Musick has collaborated with Hager, his graduate students, technician Tara Bushnoe, and Dr. Donna Bilkovic in VIMS' Center for Coastal Resources Management to locate and map the gravel beds that sturgeon prefer for their spawning and nursery grounds. Because many of these beds are now buried by silt, their efforts required use of side-scan sonar to peer beneath the seafloor. This effort was funded largely by USFWS and the NOAA Chesapeake Bay Office.

Hilton provides the broad expertise of sturgeon biology that is needed to help identify unique aspects of East Coast Atlantic sturgeon stocks. The morphological, genetic, and behavioral structure of Atlantic sturgeon, and sturgeon species generally, are unclear and hotly debated. Atlantic sturgeon are highly migratory, and this type of information is key to ongoing efforts for sturgeon restoration.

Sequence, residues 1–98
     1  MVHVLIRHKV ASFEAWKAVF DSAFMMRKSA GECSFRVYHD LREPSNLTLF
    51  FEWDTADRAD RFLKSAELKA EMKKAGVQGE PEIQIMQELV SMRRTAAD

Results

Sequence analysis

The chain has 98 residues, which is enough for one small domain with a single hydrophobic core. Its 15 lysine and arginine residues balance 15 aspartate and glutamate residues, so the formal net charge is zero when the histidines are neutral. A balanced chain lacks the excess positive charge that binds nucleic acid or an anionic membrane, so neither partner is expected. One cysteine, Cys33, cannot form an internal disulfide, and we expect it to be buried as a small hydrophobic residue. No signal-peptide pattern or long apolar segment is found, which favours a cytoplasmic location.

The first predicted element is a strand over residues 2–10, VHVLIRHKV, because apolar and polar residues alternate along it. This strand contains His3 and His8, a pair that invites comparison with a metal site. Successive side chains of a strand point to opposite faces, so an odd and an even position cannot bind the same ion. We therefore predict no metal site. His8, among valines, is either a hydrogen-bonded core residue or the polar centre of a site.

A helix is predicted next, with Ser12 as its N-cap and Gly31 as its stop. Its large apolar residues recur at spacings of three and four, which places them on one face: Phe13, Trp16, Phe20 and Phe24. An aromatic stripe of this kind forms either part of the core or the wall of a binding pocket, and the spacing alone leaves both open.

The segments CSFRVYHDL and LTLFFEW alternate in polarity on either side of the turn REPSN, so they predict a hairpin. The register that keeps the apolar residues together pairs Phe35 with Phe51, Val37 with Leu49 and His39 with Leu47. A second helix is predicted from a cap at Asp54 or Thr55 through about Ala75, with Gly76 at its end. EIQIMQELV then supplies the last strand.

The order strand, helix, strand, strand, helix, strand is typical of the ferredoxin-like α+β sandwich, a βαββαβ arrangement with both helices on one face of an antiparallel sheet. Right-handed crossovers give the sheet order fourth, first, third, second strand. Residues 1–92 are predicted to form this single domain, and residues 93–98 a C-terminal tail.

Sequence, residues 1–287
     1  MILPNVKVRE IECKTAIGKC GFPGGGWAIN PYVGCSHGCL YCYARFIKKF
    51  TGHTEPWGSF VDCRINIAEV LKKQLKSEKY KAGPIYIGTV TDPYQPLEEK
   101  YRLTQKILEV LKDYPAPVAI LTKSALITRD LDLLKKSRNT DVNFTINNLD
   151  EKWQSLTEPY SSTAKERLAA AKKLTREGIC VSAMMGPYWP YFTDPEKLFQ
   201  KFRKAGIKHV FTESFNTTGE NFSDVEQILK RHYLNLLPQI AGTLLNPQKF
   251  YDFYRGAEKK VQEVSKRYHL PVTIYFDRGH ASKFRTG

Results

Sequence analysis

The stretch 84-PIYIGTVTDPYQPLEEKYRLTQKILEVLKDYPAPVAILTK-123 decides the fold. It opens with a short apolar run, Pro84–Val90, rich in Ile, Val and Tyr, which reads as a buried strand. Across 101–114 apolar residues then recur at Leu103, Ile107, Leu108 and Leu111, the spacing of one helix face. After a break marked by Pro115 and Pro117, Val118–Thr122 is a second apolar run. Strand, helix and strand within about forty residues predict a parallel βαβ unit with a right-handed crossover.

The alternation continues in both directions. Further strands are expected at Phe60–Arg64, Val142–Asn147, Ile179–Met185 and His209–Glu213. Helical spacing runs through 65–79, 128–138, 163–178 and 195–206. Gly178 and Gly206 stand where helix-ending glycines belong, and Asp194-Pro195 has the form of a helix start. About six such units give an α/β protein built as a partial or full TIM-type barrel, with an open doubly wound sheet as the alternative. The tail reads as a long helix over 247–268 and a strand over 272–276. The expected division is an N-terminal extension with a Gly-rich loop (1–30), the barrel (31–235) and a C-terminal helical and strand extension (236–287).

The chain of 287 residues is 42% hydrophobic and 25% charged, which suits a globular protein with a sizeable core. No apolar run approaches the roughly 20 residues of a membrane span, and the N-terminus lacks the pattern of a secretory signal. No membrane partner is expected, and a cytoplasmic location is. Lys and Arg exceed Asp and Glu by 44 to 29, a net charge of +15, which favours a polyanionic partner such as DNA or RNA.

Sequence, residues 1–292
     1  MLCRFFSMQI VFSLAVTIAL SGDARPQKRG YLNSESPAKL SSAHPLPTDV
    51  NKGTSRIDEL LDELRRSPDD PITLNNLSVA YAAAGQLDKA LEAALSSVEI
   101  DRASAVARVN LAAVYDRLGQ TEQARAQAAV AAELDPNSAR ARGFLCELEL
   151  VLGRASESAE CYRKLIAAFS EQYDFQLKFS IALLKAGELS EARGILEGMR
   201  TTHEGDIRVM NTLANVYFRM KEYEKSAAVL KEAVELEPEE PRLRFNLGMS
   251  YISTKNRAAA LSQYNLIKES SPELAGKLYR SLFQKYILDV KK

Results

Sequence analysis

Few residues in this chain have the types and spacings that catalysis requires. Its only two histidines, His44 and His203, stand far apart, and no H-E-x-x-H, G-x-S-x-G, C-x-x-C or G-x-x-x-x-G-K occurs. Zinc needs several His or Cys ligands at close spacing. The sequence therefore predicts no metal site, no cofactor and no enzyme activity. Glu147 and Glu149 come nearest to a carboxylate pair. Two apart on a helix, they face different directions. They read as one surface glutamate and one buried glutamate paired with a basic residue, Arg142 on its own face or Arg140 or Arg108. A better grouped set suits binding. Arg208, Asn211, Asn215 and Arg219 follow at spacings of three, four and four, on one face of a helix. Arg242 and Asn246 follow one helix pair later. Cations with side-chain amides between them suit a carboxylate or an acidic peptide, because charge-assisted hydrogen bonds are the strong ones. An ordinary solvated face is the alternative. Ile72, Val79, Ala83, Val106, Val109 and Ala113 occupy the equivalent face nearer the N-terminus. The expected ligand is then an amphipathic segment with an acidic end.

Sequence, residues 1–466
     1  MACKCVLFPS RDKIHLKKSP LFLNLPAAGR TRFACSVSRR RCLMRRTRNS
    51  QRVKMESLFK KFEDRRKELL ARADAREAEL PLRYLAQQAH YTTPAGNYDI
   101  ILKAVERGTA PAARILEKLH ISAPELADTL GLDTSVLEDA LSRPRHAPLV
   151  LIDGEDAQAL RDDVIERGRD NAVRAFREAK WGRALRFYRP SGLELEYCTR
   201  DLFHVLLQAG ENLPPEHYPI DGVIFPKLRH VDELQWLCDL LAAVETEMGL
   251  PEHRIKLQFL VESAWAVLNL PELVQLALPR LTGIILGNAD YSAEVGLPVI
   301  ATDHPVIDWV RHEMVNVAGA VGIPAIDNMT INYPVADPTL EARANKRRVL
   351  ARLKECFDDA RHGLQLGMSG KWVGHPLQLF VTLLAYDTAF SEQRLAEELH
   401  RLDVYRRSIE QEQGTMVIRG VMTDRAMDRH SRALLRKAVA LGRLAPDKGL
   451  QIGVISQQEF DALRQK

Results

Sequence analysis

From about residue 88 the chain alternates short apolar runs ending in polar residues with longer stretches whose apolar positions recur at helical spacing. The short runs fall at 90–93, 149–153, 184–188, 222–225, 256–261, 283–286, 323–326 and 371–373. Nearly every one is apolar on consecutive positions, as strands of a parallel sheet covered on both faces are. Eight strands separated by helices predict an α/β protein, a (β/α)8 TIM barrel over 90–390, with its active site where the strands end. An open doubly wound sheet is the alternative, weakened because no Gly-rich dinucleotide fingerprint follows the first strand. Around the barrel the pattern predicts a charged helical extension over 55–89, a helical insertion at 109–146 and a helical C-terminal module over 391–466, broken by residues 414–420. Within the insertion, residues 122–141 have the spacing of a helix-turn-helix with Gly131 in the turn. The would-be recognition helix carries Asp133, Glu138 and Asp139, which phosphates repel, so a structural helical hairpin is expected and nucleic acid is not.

Sturgeon Reef

These VIMS' studies  laid the groundwork for a 2010 milestone in sturgeon restoration—a plan by the James River Association, partnering with Virginia Commonwealth University and Luck Stone, to construct an artificial spawning reef for sturgeon in the James River.

This project—given the green light by the Virginia Marine Resources Commission in January 2010—used large chunks of granite to build an artificial spawning reef at the Turkey Island Cutoff, near the Presquile National Wildlife Refuge. The 70 X 300-foot reef rises 2-feet above the muddy bottom, hopefully giving the few remaining sturgeon a fighting chance at reproduction. Researchers with the Virginia Sturgeon Restoration Partnership are now monitoring the success of this structure. All involved hope that some of the fish that use it will be spawning females.